Tips to Identify Healthcare Fraud in a Workers’ Compensation Setting
On Wednesday, Rebecca participated in a Webinar for an Illinois Workers’ Compensation Association. She presented on the topic “Tips to Identify Healthcare Fraud in a Workers’ Compensation Setting.” In front of an audience of case managers, attorneys, human resource personnel and other healthcare professionals, Rebecca had a lively discussion on many aspects of healthcare fraud in a Workers’ Compensation setting.
Some highlights include:
Overall numbers –
The Insurance Information Institute estimates that all property/casualty insurance fraud cost insurers $30 billion annually.
Workers’ Compensation fraud accounts for approximately 25% or $7.2 billion a year, according to the National Insurance Crime Bureau (NICB).
The NICB characterizes Workers’ Compensation fraud as the “fastest growing segment of insurance fraud” in the nation.
Most studies indicate that the three parties primarily driving the cost of workers’ comp fraud are employers, medical providers, and employees.
Tips on spotting fraud:
Worker Claim Fraud
• Number of days worked and amount of salary inconsistent with occupation
• Injured worker disputes average weekly wage due to additional income (i.e., per diem and/or 1099 income)
• Cross-outs, white-outs and erasures on documents
• Injured worker files for benefits in a state other than principle location of the alleged industrial injury or occupational disease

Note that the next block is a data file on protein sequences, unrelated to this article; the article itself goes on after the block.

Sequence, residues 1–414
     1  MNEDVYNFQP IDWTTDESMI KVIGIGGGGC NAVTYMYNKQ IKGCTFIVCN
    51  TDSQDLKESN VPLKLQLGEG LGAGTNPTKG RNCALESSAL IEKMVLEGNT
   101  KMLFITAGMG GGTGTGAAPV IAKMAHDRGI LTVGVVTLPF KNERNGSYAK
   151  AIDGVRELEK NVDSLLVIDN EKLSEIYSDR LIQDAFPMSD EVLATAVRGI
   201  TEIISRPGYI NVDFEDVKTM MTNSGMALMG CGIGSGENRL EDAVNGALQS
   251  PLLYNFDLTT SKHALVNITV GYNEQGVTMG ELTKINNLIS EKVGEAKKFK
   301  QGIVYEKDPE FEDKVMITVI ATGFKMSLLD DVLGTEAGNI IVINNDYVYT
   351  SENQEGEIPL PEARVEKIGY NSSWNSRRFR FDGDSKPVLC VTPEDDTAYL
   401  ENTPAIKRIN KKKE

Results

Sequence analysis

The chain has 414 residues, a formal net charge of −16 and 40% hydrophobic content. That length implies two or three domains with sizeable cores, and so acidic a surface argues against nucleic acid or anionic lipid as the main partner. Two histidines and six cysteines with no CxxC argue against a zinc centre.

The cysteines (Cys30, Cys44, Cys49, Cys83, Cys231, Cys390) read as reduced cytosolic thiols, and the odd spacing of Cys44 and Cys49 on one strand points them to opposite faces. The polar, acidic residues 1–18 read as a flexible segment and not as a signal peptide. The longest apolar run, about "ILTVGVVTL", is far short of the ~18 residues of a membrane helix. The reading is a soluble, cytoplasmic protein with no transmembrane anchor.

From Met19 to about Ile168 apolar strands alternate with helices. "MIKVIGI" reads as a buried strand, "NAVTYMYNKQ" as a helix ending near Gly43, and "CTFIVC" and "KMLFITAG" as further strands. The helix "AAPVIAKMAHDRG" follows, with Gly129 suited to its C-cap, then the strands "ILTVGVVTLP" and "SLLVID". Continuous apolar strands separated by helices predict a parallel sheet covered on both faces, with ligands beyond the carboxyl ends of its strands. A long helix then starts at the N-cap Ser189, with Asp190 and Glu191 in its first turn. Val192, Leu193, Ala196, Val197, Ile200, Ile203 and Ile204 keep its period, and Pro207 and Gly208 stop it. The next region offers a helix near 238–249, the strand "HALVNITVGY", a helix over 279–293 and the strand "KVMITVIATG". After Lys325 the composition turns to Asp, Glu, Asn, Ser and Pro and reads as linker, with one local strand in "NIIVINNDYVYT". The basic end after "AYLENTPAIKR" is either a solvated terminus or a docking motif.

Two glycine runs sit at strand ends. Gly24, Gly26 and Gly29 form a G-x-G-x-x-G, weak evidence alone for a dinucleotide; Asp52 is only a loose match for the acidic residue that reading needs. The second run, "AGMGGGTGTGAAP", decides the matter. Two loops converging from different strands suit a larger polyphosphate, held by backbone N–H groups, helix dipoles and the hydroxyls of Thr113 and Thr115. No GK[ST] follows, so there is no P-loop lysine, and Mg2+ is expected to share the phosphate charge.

• Injured worker-listed occupation is inconsistent with employer’s stated business
• Business displays or presents a Certificate of Coverage that contains inaccurate data, such as an implausible period of coverage
• Cross-outs, white-outs and/or erasures on documents, such as the Application for Ohio Workers’ Compensation Coverage (U-3) or Payroll Report (DP-21)
• Business name is not consistent with type of work being performed
• Number of employees, classifications and payroll are inconsistent
• Injured worker does not recall having received the billed service
• Provider’s medical reports read almost identically even though they are for different patients with different conditions
• Much higher healthcare costs than expected for the allowed injury type
• Frequency of treatments or duration of treatment period is greater than expected for allowed injury type, especially for older (non-catastrophic) claims
When investigating workers’ compensation fraud, always request detailed medical records and records of the injury. If all the facts don’t add up – you might be looking at fraudulent activity.